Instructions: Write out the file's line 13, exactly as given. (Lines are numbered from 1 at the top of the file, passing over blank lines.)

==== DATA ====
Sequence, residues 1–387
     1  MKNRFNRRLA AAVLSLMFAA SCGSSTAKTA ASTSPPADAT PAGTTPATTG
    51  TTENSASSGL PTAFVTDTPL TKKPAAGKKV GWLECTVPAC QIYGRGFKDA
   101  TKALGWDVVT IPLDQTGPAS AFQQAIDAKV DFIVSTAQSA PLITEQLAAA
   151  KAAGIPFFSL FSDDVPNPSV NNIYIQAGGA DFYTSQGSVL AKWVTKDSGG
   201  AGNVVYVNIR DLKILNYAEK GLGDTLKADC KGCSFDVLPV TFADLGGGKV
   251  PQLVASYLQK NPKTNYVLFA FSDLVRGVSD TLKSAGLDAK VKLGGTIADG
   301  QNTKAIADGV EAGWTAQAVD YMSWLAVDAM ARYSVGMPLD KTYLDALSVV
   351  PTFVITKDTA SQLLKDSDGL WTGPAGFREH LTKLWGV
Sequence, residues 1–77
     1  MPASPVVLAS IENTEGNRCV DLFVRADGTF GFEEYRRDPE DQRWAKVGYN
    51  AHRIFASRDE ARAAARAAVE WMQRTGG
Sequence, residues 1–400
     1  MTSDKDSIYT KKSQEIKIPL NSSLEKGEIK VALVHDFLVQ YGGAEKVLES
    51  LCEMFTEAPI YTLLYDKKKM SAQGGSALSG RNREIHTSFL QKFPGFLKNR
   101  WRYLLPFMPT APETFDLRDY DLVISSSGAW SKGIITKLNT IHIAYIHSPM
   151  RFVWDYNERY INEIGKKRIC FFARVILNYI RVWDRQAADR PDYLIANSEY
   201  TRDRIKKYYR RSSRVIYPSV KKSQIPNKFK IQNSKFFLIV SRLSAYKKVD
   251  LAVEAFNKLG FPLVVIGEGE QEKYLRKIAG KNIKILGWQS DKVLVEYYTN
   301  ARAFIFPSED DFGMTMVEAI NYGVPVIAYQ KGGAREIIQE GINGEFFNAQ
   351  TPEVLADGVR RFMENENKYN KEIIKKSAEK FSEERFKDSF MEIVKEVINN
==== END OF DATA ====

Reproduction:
Sequence, residues 1–400